Our ducks

Mr and Mrs Duck first appeared in our garden in 1998. They returned every year until 2005, and became like old friends. You can tell them apart very easily because drakes, such as Mr Duck, have shiny green heads and white neckbands while the females, known simply as ducks, are mottled brown.

Ducks in their first water tray

In 1998 they arrived on 30th May, and both birds returned almost daily at first. An extra drake appeared on 31st May, and in the excitement Mr Duck fell off the fence into the garden but managed to fly out again. The pair continued to come until the 14th of June.

In 1999 they reappeared on 11th April but only came occasionally after that until 30th May.

The year 2000 saw a change in their activities. They arrived much earlier than in previous years, first appearing on 30th March. They continued to visit us several times a day right through until July, apart from just one week when we didn't see them at all. Mrs Duck, always braver than Mr Duck, began to feed from my hand. In the evenings they usually stayed until about half an hour after sunset, getting gradually later as the evenings became longer.

Their normal pattern is to fly in and land on the open area of park beside our garden. From there they walk down to the unfenced area of grass at the edge of our garden. To start with we gave them brown bread soaked in water. Most ducks like bread, but they can choke on it if it is dry, and white bread is particularly bad for them. Mrs Duck soon acquired a taste for mixed corn, and soon Mr Duck took to this as well. We either scatter this on the grass or put it in a shallow dish of water. Mrs Duck particularly likes the dish. We also put out a large tray of water, and Mrs Duck loves to wash in this, though it is used by both. At first we used a much smaller tray, but had to replace it because it was too small for them both to sit in at the same time. The only time I have seen the Mr Duck go for Mrs Duck was when he wanted his turn in the tray while she was sitting in it. Now there is room for both to sit in it at the same time.

In common with the other females, Mrs Duck likes to hunt for slugs and other titbits in the grass, though Mr Duck, like the other drakes, seems to prefer the corn. Often the drakes hardly seem to eat at all because they are so busy guarding their mates.

After they have fed, they usually hang around doing nothing very much until twilight. Sometimes they go for a walk across the park, returning later to feed again. Mr Duck usually likes to feed just before they are about to depart. Mrs Duck is usually the first to be ready to leave. She signals this to him by standing up rather tall and jerking her head backwards and forwards. He then starts to do this too, often facing a different direction to her. This may go on for some minutes before they are both facing the same direction. They then take off, using the road as a runway until they are clear of the houses. Flying seems to be much more of an effort than for smaller birds and, although they can take off instantly if there is danger, their normal pattern seems to be to think about it for some minutes first. It is exciting to see them take off and land. They look so big – it's almost like watching aeroplanes land in our small garden!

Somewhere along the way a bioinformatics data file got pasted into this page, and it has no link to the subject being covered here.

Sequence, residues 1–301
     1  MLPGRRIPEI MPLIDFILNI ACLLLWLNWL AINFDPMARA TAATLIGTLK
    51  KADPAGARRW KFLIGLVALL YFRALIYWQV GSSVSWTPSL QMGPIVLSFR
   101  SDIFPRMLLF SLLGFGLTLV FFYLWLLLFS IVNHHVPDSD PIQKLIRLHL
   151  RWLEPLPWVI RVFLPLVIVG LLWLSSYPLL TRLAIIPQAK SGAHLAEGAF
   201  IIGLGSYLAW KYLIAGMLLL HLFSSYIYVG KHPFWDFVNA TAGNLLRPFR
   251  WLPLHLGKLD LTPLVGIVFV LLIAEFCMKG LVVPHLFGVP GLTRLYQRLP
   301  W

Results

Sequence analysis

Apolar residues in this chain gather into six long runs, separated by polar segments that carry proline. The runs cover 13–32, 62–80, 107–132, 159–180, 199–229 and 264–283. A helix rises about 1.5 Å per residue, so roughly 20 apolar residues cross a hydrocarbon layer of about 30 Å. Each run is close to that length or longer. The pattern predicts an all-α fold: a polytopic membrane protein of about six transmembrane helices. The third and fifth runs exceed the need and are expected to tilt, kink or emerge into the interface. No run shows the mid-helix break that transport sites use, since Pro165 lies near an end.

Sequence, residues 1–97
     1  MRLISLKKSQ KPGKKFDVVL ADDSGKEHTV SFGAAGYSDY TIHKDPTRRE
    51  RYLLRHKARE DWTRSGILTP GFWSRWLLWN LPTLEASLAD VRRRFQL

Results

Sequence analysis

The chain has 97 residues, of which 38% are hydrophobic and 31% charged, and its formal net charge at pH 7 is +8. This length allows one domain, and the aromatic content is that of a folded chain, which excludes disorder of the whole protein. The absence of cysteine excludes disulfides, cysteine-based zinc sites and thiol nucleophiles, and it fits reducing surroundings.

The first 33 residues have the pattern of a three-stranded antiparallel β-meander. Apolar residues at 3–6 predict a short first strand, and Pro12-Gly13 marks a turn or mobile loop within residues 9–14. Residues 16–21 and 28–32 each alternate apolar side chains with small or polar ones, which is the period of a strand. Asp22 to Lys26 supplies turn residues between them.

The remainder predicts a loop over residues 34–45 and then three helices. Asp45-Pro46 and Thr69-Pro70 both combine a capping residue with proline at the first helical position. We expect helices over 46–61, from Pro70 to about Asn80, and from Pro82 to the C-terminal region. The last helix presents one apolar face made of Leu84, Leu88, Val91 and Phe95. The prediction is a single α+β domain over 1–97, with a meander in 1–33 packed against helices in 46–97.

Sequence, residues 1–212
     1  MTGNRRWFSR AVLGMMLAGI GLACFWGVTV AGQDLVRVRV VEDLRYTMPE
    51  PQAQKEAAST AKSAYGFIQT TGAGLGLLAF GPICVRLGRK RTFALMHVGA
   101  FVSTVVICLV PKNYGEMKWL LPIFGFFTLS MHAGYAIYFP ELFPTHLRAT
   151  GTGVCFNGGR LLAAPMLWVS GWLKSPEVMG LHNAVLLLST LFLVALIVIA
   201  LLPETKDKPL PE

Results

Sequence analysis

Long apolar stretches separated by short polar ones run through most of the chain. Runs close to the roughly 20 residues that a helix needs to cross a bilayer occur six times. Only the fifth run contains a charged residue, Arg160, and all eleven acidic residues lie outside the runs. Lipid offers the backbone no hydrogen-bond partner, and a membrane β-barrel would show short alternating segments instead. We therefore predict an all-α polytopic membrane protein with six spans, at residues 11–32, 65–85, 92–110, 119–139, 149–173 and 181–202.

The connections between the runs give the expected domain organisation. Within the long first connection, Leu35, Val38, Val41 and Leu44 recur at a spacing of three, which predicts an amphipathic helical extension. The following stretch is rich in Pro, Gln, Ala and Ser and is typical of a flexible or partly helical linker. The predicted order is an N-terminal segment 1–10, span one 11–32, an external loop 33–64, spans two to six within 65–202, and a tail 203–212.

Duck feeding on corn

During the course of the summer there were several occasions when an extra drake arrived. Although Mr Duck would protest at the arrival of the extra drake, he rarely made physical contact with the newcomer, even if the stranger succeeded in mating with the female.

In the middle of May the ducks disappeared for a ten-day period. We wondered if they had a nest and lost the eggs. From 1st June onwards we saw only Mr Duck, and we assumed that Mrs Duck was once again nesting. Mr Duck was often joined by other drakes and, without the presence of females, they seemed to tolerate each other, sometimes coming together to feed.

On 9th June Mrs Duck returned. We never saw her arrive. The first we knew of it was seeing a crowd of children chasing her, first in our own garden and then in a neighbour's garden and up onto the park. I went up to the park, drove off the children and called her and she ran quickly to me as she was extremely hungry. Her mate flew overhead and she called him. He circled in the sky and came down, landing beside her. They eventually flew off together as before. After that, Mr Duck came constantly alone, seemingly looking for his mate and only eating a little. He seemed very distressed and was constantly quacking. It was our strong impression that the separation for nesting was a necessity caused by circumstances of which they were very unwilling victims rather than that they lost interest in each other.

In about the middle of June we began to notice that duck-food had been eaten and the water tray had been used during the night. We suspected that Mrs Duck might be making nocturnal visits. I decided to try waking up very early in the morning to see if I could catch her at it. Sure enough, I discovered that not just she but both ducks came together between three and four in the morning, as if they were having a secret meeting, then flying off in different directions. A week later, Mrs Duck started to come alone at the same time in the morning, apparently quacking for her mate. After this we had occasional visits during the daytime from Mrs Duck, but we saw her for the last time on the 10th July.

We don't know where they go for the rest of the year.

If you like our ducks, please think of those that are less fortunate and are reared under cruel conditions for their meat. You can read about the duck industry at the Viva website